A person thus entitled to prevent use of a TM is the proprietor of an “earlier right” in relation to the TM

4)Nothing in this section prevents the registration of a TM where the proprietor of the earlier TM or other earlier right consents to the registration.

 

9 Rights under an RTM

1) Proprietor has exclusive rights in the TM which are infringed by use of the TM in the UK without his consent.

3) The rights of the proprietor have effect from the registration date provided that:

a) no infringement proceedings may begin before the registration date,

b) no offence is committed by anything done before the publication date.

 

10 Infringement of registered TM

1) A person infringes an RTM if he uses a sign in the course of trade which is identical to the TM and for G/S identical to those registered for.

2) A person infringes an RTM if he uses a sign in the course of trade which due to

a) the sign being identical to the TM and used for similar G/S to those registered

b) the sign being similar to the TM and used for identical or similar G/S to those registered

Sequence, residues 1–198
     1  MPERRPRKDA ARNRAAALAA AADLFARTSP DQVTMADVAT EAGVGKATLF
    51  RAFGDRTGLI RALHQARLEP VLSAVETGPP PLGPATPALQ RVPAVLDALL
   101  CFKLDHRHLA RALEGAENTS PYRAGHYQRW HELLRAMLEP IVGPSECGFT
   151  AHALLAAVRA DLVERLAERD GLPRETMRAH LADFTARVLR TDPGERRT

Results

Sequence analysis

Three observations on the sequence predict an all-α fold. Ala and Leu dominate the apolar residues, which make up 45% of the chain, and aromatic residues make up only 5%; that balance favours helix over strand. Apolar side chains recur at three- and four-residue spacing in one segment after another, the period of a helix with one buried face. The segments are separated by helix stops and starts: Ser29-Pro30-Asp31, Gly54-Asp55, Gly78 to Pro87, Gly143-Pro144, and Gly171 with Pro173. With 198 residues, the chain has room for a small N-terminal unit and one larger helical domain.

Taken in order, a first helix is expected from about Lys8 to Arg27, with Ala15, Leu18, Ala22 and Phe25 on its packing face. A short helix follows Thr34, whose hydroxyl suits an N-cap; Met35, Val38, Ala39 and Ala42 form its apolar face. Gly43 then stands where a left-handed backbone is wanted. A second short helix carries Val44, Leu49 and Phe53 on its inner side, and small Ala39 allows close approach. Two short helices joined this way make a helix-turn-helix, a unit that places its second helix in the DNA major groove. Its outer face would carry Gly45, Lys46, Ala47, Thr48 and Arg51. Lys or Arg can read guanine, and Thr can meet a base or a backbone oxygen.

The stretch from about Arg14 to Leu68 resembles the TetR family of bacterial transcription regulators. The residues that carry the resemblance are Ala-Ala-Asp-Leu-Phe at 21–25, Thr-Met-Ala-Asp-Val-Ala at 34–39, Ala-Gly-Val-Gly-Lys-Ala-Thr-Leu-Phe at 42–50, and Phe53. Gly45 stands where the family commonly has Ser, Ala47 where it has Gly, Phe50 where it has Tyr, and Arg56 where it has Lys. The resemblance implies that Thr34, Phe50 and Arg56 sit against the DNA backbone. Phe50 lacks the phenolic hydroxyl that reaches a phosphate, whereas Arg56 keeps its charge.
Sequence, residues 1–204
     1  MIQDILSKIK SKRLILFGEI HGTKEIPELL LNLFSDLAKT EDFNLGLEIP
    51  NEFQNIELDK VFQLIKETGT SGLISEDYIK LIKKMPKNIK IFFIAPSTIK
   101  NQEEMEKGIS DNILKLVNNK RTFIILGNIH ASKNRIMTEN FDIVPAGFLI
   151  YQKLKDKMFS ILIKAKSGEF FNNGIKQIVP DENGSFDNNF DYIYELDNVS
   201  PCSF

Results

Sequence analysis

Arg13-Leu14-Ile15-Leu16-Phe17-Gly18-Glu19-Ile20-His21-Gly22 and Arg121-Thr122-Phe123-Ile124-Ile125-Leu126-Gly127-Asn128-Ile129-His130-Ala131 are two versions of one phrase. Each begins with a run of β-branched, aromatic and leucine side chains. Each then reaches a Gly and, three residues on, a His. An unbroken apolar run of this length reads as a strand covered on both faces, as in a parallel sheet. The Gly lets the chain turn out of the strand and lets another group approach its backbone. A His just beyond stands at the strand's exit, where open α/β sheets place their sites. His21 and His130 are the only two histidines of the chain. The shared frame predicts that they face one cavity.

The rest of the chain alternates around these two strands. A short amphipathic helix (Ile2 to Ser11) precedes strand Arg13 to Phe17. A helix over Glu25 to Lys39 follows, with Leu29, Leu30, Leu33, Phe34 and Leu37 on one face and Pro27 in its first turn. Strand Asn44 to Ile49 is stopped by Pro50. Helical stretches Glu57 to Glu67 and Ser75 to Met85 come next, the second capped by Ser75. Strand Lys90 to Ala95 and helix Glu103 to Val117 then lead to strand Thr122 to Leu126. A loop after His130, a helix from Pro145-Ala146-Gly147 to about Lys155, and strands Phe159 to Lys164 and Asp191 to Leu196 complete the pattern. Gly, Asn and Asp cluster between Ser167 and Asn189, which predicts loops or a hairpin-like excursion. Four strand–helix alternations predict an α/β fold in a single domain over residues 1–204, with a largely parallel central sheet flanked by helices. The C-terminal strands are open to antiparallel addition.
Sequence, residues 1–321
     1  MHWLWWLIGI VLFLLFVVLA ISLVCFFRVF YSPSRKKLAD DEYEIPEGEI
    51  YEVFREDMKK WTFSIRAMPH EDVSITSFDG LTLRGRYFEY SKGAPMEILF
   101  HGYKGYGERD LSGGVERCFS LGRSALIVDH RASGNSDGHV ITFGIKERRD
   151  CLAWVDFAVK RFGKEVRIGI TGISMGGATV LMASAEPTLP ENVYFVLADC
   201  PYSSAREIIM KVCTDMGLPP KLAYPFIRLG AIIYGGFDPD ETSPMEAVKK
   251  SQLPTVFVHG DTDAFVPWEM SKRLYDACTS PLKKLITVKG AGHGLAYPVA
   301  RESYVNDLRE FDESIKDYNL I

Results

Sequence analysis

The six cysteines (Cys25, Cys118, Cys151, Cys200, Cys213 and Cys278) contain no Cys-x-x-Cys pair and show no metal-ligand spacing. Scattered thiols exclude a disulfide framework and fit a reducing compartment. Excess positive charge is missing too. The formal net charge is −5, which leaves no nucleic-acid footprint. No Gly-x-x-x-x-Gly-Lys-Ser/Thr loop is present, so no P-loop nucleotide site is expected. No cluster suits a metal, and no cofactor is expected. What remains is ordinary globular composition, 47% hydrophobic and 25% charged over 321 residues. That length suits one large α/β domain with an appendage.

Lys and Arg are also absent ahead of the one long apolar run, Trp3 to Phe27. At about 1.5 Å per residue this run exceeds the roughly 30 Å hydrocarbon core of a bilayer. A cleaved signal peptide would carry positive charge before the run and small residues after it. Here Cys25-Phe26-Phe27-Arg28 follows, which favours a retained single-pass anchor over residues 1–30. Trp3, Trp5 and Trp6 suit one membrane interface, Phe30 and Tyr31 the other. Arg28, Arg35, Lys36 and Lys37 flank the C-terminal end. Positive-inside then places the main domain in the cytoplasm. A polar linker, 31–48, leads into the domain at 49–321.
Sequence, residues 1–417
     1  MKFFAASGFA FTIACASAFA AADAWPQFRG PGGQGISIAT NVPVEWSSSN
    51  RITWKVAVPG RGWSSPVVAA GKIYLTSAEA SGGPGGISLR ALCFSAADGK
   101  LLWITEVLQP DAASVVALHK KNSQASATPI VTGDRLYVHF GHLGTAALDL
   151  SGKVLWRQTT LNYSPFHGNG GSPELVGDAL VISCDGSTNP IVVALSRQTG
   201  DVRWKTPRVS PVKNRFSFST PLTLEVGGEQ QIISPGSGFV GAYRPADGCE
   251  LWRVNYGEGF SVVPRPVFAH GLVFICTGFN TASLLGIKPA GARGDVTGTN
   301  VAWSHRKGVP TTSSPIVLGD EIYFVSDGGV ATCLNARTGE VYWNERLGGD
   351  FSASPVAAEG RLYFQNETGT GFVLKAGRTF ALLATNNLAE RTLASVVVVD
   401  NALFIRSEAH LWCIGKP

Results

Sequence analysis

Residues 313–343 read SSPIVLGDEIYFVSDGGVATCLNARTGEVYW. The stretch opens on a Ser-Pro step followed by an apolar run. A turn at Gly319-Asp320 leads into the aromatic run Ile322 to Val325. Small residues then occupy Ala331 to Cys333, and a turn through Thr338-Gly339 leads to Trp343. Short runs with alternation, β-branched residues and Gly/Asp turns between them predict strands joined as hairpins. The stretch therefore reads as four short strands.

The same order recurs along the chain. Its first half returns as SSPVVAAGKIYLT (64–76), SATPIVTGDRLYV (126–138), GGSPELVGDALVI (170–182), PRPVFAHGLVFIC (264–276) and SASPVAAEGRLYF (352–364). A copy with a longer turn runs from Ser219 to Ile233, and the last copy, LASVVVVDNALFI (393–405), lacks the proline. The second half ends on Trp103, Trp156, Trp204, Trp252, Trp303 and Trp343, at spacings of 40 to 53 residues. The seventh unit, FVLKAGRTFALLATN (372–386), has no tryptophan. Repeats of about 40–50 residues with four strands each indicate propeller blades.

there exists a likelihood of confusion [by] the public, which includes the likelihood of association with the TM.

3) A person infringes an RTM if he uses in the course of trade in relation to G/S a sign which:

a) is identical with or similar to the TM, and

b) is used in relation to G/S which are not similar to those for which the TM is registered,

where the TM has a reputation in the UK and the use of the sign, being without due cause, takes unfair advantage of, or is detrimental to, the TM's distinctive character or repute.

4) A person uses a sign if, in particular, he:

a) affixes it to goods or the packaging thereof,

b) offers or exposes goods for sale, puts them on the market or stocks them for those purposes under the sign, or offers or supplies services under the sign

c) imports or exports goods under the sign, or

d) uses the sign on business papers or in advertising

5) A person who applies an RTM to material intended to be used for labelling or packaging goods, as a business paper, or for advertising G/S, shall be treated as a party to any use of the material which infringes the RTM if when he applied the mark he knew or had reason to believe that the application of the mark was not duly authorised by the proprietor or a licensee

6) Nothing here shall prevent the use of an RTM by any person for the purpose of identifying G/S as those of the proprietor or a licensee.

But any such use otherwise than in accordance with honest practices in industrial or commercial matters shall be treated as infringing the RTM if the use without due cause takes unfair advantage of, or is detrimental to, the TM's distinctive character or repute.